By Kate Hoyland.

It’s a well-known fact that empathy can have a transformative effect in relationships, whether they are work, personal or parental. What’s less well understood is how to actually ‘be’ empathic, especially in a world that often demands a quick fix and a definable solution.

The psychologist Carl Rogers first identified empathy as one of the essential ingredients in relationships that promote effectiveness and growth. His ideas have since been applied in the fields of teaching, leadership, counselling, crisis mediation and many other areas.  So how does empathy actually work?

‘Be’ first, do later.

You’ve probably heard of active listening. Maybe you’ve tried it yourself, and felt self-conscious and a little bit foolish, and worried that you weren’t actually ‘doing’ anything helpful. In fact, far from being passive, empathy is a very active attitude. Its transformative power lies in:

  • Making the person feel genuinely understood.
  • Clarifying the problem.
  • Making space for a solution.
  • Enabling fresh insights.
  • Creating shared solutions between you.

You might be surprised how quickly a simple empathic response can lead to a wealth of new understanding and insight – after which the solution to the problem is often not far away. So how do you convey empathy? It’s time for…

The ’empathic following response’.

Another common misunderstanding about empathy is that it involves simply parroting or summarising what someone has said.  In fact, to better understand what empathy is, it’s worth pointing out what it isn’t. It’s not:

  • Parroting and repetition.
  • Summarising.
  • A cliched pretence at understanding (‘That must be awful for you, how sad’).
  • Sitting and nodding like a loon.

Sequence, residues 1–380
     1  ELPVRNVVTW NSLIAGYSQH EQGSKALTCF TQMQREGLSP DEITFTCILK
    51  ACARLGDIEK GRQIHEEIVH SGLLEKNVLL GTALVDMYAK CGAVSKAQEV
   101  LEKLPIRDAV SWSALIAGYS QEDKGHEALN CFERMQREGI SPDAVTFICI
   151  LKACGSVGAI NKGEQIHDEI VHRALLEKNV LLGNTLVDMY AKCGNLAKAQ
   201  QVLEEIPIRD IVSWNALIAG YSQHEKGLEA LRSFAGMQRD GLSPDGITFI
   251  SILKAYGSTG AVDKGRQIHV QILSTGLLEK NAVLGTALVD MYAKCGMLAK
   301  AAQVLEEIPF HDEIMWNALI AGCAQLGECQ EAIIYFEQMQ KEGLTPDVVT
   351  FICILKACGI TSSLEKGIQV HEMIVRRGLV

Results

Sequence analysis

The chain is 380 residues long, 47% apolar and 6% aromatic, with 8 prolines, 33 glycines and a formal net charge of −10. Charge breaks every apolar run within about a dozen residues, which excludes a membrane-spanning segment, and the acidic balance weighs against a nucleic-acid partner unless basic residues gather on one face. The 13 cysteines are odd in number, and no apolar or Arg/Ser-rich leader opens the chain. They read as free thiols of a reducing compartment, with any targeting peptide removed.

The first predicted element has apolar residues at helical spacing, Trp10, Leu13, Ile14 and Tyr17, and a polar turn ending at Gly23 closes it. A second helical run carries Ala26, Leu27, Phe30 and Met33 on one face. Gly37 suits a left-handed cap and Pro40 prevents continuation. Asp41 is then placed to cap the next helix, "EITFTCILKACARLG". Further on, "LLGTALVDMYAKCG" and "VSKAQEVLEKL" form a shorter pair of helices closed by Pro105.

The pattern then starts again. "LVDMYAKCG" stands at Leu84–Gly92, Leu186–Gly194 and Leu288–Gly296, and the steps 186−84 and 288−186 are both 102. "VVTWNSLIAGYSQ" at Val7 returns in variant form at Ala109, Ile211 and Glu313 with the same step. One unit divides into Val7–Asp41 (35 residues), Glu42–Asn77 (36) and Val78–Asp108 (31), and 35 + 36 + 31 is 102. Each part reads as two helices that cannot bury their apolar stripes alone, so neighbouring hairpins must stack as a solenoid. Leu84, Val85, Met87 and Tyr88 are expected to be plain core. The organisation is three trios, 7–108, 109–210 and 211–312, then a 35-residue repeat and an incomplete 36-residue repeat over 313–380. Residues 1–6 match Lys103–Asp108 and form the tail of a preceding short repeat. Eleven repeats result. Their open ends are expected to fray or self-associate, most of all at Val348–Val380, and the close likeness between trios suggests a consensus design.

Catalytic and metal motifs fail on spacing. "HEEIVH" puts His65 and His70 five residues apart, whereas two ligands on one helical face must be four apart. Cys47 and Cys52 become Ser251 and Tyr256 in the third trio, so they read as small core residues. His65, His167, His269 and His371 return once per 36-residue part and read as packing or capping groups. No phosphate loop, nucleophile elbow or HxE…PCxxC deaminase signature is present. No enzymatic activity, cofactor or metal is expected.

The empathic following response is a way of responding to what you’ve heard that is personal to you, conveys a deep level of understanding (the ‘music behind the words’), and (often) moves the conversation forward. Using metaphors is a good example:

Statement: ‘I have so much work I’m just overwhelmed by the pressure’.

Empathic following response: ‘You feel like you’re drowning and haven’t been able to come up for air’.

This response shows:

  • Understanding.
  • A new insight into the problem.
  • Could lead to shared ideas of what ‘coming up for air’ might mean, and how to get there.

It’s important to avoid ‘zero sum’ responding. For example, if someone says:

Statement: ‘I admire my colleague’s talent but her prima donna attitude is destroying my own confidence.’

Your response would be ‘zero sum’ if you said something like ‘it’s a difficult situation.’ A response like that would effectively shut the conversation down. An empathic following response would acknowledge both parts of the statement:

Empathic following response: ‘She’s really getting to you, though there are things you do respect about her.’

Such a response could open the way for solutions which still acknowledge what is good about the colleague.

So next time you’ve hit an impasse with someone, be it a child, partner or someone you manage, try a dose of empathy. You might be surprised at how quickly the problem resolves – and how much closer you’ve become along the way.